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Bookies vs. Nostradamus?

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  • Bookies vs. Nostradamus?

    Predicting the unpredictable

    Economists no worse than football pundits

    Nikhil B. Srivivasan
    Bankok Post

    On Tuesday night, I sat with a partisan restaurant crowd who cheered Korea on to one of the biggest upsets of the World Cup _ beating Italy. Korea played with their heart and deserved to win. Ahn Jung-Hwan who scored the winning goal will be immortalised for his feat. It was disappointing for me, though.

    I have followed the travails of Italy and Argentina (another of my favourite teams) since I was about 10 _ as a child Paolo Rossi and Diego Maradona were my heroes. Rossi's goals in the 1982 World Cup are still etched in my mind. Their heirs have let me and millions of others down by exiting the tournament at such an early stage.

    The World Cup has been a shock, or at least a massive surprise. The much-fancied teams _ France, Italy, Argentina _ have all gone home. Others like Spain have made it this far by the skin of their teeth. Only stalwart Brazil remains _ a team whose chances at this World Cup were much under-rated going in. The United States, a country that does not even take the sport that seriously, has made to the last eight. Senegal is finally living up to the expectations for African football. And England is still there.

    The forecasters, the pundits, the ``people who know'', were all wrong. Their predictions about the outcome of this Cup have come to nought. And that is the broader point in this column. Prediction is almost purely an art. And as an art, it should be considered but not embraced without careful consideration.

    Funnily enough, even investment banks such as Goldman Sachs, weighed in with a 50-page report on who they thought would will win based on their own analysis. Of their four possible winners, three have already been eliminated.

    Proper analysis, which no one seems to have done, may have suggested several things before the tournament _ things that became apparent as the tournament wore on.

    The French were tired and over-confident. The minute Zidane was ruled out of the first-round matches, it was as if they had lost their will to win. The Argentine coach was much revered in the media as an ``intellectual''. Every time the camera swung to him, one saw him deep in thought. Well, all that thinking delivered nothing.

    It is easy to blame particular players, but motivation and strategy are the big part of the game. And here's where the coach plays an instrumental role. Portugal, which came in as a dark horse, did not seem to function as a team and played without any perceptible passion. As for Italy, my heart breaks. Cool uniforms, some bad luck, but to bow out in the way they did? Of course, all the teams immediately blamed their bad luck. They would, wouldn't they?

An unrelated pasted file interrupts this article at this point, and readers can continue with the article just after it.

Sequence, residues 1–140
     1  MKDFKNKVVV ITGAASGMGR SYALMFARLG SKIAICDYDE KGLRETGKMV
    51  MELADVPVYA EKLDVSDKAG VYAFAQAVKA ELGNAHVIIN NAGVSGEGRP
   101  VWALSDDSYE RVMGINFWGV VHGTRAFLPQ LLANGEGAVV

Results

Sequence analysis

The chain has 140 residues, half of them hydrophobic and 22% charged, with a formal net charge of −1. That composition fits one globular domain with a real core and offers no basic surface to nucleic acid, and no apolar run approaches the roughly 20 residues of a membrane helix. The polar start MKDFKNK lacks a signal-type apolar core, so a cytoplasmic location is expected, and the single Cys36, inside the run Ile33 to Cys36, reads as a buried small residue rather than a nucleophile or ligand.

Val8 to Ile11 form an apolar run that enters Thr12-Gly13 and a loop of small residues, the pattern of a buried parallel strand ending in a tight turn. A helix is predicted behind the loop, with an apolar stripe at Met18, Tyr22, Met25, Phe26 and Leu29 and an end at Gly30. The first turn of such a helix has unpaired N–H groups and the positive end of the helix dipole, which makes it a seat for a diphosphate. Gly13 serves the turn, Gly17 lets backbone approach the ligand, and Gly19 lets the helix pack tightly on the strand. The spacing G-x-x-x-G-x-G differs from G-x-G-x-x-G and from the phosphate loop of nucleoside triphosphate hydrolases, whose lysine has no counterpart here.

So, to predict is worthwhile, but any prediction should not be adopted without thought. This is not to suggest that predictions don't come true. They do. But even when they do, they can take longer to occur than is initially expected. After all, we live in a dynamic world that is constantly changing.

    Here's a more relevant illustration for this section. Last year, when economists were predicting Thailand's GDP growth, most people's expectations were low. In addition, people worried about interest rates going up. They have been proven wrong. Consumption and government spending have boosted GDP growth to close to 4%. As for rising rates, forget about it. There is too much money around. The discount to the minimum lending rate available from banks for good corporate borrowers shows exactly how liquid we are today.

    Now, with good numbers coming out on GDP and so on, people are naturally raising expectations for the rest of the year. As always, most economists adjust only when the reality is blindingly obvious. In this case, government measures have worked thus far.

    Having been caught short on GDP growth estimates, now people are targeting rapid consumer credit growth and the current account as problems and raising the red flag. Here's my little prediction: Neither will have a drastic negative impact. On the consumer loan front, I am not worried for two reasons. First, consumer loans remain a very small part of total borrowing in the system. Credit card outstanding balances are about 1% of the total outstanding. Also, I think banks and finance firms have better risk-management systems in place this time around. As for certain firms charging high rates, that's a hedge against a higher delinquency rate.

    As for the current account, it is not alarming as it is small. Also, don't forget there is positive inflow in the capital account. So, not much to worry about. Of course, I could _ like all the football pundits _ be wrong.

    Returning to the World Cup, I do not even want to imagine how much money has been lost by gamblers betting on the favoured teams. Not something to talk about in polite company I guess. But for those that invest in overseas stocks, I would be looking at the bookmaker William Hill. It just did an IPO in London. Given the betting volumes and the consequences, I think betting on William Hill is a lot safer than betting on a team to win this World Cup.